Stay focused on the realistic goal of a malaria-free world
Since 2000, the world, thanks to a committed global partnership, has made tremendous progress against malaria, saving 7.6 million lives and preventing 1.5 billion new infections.
In addition to saving lives, investing in malaria over the past two decades has also strengthened health systems, improved economies, and increased global health security. These advances also drastically reduced the burden of disease on health systems, while training health workers boosted and added laboratory capacity and disease surveillance, which could help them better respond to new health threats.
However, the COVID-19 pandemic and its economic consequences threaten the long-term progress towards the eradication of malaria. The commitments and actions that countries will make in the next few years are crucial to get back on track to achieve the ambitious and realistic malaria goals, especially in Africa, a continent that bears more than 90% of global malaria costs. .
Professor Maha Taysir Barakat, Chair of the RBM Partnership Council, concluded:
“We can not allow the COVID-19 pandemic distracts us from doubling our efforts to protect heavy profits teen malaria and faster efforts to end this disease within a generation. The end of malaria will also enable countries to deal with other diseases as well as current and emerging diseases health threats. With sustained commitment, optimal use of current resources and new investments, we can deliver on the promise of a malaria-free world.” ####
To arrange an interview or more about the RBM Partnership to End Malaria, contact the RBM Partnership Press Office at RBMPartnership@grayling.com or call +44 (0) 20 3861 3747.
Notes to editors:
- Malaria is one of the world’s oldest and deadliest diseases. It has existed since the time of the dinosaurs and some believe that it killed half of the people who ever lived.
- Malaria is completely preventable and treatable. Despite this, more than 400 000 people die from it every year – mostly children under the age of five. A child still dies every two minutes from malaria.
- Half of the world is still at risk of malaria, with more than 90% of the world’s malaria burden in Africa.
Key Findings from the 2020 World Malaria Report
- Since 2000, worldwide efforts have saved 7.6 million lives and prevented 1.5 billion new malaria infections.
- In 2019, global malaria deaths decreased slightly to 409,000 – the lowest number of malaria deaths ever – while malaria cases increased slightly to 229 million.
- Between 2000 and 2019, the number of countries with less than 100 indigenous malaria cases – a strong indication that malaria elimination is within reach – increased from 6 to 27
- Since 2000, 21 countries have reported zero indigenous malaria cases for three consecutive years, ten of which have been certified malaria-free by the WHO.
- In the 11 countries with the largest burden that accounted for 70% of the global malaria burden in 2017, deaths dropped from 263,000 in 2018 to 226,000 in 2019, while cases increased slightly from 155 million to 156 million in the same period.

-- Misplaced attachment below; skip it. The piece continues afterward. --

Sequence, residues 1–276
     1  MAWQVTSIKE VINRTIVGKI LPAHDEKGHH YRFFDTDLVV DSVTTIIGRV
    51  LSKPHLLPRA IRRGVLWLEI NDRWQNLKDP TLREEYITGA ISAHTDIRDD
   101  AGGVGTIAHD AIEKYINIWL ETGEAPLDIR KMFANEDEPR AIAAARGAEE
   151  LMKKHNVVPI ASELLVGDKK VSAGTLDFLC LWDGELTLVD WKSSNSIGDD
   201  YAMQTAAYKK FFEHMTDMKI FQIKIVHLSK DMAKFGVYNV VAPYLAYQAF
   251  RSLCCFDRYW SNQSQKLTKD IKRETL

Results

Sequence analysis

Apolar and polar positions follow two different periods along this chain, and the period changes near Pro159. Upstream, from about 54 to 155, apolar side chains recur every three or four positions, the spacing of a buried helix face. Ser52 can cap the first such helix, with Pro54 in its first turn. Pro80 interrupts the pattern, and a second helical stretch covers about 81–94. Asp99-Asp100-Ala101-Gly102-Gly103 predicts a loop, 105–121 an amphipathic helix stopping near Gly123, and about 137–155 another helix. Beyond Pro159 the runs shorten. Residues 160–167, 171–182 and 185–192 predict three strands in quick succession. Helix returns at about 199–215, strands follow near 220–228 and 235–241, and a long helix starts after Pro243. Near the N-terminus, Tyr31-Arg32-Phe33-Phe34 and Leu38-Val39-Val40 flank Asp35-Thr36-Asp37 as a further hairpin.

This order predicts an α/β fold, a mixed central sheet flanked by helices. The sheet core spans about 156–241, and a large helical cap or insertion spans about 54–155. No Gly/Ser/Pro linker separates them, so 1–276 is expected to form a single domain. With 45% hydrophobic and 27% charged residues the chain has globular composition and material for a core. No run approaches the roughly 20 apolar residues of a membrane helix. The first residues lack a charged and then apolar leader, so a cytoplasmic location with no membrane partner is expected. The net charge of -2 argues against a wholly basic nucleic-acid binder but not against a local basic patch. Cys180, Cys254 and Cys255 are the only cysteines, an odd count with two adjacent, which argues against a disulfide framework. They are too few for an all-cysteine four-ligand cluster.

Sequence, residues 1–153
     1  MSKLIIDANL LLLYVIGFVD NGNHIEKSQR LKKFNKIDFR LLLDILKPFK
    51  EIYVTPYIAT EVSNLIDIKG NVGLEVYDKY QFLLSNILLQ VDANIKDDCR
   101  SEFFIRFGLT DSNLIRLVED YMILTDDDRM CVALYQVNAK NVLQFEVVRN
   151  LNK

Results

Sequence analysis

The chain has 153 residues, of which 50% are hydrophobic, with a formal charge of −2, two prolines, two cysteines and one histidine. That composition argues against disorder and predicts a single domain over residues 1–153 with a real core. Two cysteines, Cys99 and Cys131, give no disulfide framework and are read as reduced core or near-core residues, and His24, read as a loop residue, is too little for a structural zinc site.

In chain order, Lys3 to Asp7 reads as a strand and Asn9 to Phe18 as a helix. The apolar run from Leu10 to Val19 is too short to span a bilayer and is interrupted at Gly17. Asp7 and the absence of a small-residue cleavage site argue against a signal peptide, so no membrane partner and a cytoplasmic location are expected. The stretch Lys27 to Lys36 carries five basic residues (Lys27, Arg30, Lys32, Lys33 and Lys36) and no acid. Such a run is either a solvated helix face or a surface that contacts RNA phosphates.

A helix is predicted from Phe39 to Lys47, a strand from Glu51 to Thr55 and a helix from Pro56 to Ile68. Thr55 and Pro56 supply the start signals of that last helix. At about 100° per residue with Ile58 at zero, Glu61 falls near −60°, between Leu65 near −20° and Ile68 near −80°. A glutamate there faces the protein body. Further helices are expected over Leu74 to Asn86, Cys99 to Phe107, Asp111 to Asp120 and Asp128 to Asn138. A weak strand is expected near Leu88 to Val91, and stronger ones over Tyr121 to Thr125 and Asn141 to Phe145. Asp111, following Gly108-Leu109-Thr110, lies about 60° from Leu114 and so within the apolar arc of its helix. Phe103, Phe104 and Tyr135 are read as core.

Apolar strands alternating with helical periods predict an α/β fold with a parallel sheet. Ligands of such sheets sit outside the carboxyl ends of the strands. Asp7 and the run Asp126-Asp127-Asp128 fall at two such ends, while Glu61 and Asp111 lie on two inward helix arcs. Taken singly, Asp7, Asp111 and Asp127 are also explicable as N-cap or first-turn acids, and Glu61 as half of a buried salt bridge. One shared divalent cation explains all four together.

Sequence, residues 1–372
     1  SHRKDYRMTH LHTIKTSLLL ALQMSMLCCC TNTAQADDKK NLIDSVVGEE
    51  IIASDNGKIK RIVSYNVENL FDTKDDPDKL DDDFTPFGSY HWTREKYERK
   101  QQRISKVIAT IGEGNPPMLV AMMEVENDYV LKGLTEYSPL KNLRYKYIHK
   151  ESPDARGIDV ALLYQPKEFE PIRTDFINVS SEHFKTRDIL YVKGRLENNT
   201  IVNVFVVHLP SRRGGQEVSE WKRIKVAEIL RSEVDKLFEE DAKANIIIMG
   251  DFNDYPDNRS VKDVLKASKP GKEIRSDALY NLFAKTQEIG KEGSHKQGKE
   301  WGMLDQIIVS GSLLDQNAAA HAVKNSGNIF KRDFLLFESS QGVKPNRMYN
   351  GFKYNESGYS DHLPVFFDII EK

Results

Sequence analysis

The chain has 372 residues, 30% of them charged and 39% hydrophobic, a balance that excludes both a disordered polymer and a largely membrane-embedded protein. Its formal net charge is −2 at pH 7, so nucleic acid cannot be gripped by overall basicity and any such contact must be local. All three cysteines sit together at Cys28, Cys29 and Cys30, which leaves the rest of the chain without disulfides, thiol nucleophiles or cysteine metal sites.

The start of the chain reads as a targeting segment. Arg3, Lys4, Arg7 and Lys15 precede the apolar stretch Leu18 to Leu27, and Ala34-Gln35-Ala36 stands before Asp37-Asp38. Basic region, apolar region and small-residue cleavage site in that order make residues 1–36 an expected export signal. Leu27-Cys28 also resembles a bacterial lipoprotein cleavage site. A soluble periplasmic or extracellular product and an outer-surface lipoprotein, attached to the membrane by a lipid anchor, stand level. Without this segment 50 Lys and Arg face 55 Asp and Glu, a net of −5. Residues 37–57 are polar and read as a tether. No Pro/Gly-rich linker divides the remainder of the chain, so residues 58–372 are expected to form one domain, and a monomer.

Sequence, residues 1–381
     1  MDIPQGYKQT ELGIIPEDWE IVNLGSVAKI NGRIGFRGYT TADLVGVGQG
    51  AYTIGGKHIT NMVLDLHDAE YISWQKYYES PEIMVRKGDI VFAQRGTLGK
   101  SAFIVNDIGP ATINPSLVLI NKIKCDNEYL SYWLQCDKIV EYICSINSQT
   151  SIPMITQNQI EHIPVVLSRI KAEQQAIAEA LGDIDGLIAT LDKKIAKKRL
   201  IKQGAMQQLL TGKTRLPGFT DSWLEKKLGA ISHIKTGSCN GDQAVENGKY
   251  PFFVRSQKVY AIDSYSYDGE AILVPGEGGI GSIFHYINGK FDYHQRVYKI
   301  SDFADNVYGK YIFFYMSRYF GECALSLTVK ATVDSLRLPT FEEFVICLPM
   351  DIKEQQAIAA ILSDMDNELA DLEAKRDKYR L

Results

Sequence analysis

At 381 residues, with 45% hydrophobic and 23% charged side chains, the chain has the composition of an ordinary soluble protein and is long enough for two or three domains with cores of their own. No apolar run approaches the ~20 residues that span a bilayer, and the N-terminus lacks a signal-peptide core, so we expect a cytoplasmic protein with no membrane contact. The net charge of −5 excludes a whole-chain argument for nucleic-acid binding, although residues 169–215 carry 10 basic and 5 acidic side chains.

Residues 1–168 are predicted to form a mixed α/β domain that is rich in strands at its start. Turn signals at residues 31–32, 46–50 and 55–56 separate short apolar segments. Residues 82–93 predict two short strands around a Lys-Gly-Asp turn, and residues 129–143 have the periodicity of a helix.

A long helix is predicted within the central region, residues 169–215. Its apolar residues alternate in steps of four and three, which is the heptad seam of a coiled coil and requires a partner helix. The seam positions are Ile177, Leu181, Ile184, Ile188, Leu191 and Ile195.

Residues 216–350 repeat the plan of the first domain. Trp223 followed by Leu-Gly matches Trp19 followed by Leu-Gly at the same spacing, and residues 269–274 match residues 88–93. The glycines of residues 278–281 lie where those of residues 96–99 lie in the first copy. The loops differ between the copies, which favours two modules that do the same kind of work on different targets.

- WHO’s region Southeast Asia is on track to achieve a 40% reduction in malaria cases by 2020 – a global target set in 2016 – largely thanks to remarkable year-on-year progress in India and the Greater Mekong region .
- The Greater Mekong region has reduced malaria cases and deaths by more than 90% since 2000.
- India has reduced malaria cases by 1.2 million over the past two years.
Malaria attempts in the light of COVID-19
- In April, a model analysis by the WTO and partners predicted that malaria deaths in sub-Saharan Africa could double this year alone – to rates last seen nearly two decades ago – as access to life-saving insecticide-treated nets and treatment for malaria is severely curtailed. .
- In response, the RBM Partnership has issued an urgent call for action urging countries to continue safe, malaria prevention campaigns planned for 2020.
- Thanks to countries’ leadership, more than 90% of the campaigns are underway in 28 countries that have planned them for 2020.
- More than 200 million mosquito nets are distributed on schedule, and some 20 million children have been protected this year with chemical prevention of malaria (SMC).
For more information on COVID-19 and malaria visit endmalaria.org/covid19andmalaria
About the RBM Partnership to End Malaria
The RBM Partnership to End Malaria is the largest global platform for coordinated action against malaria. Originally established as a Roll Back Malaria (RBM) partnership in 1998, it mobilizes for action and resources and forges consensus between partners. The partnership consists of more than 500 partners, including malaria-endemic countries, their bilateral and multilateral development partners, the private sector, non-governmental and community-based organizations, foundations and research and academic institutions. The RBM Partnership Secretariat is hosted by the United Nations Project Services Office (UNOPS) in Geneva, Switzerland. endmalaria.org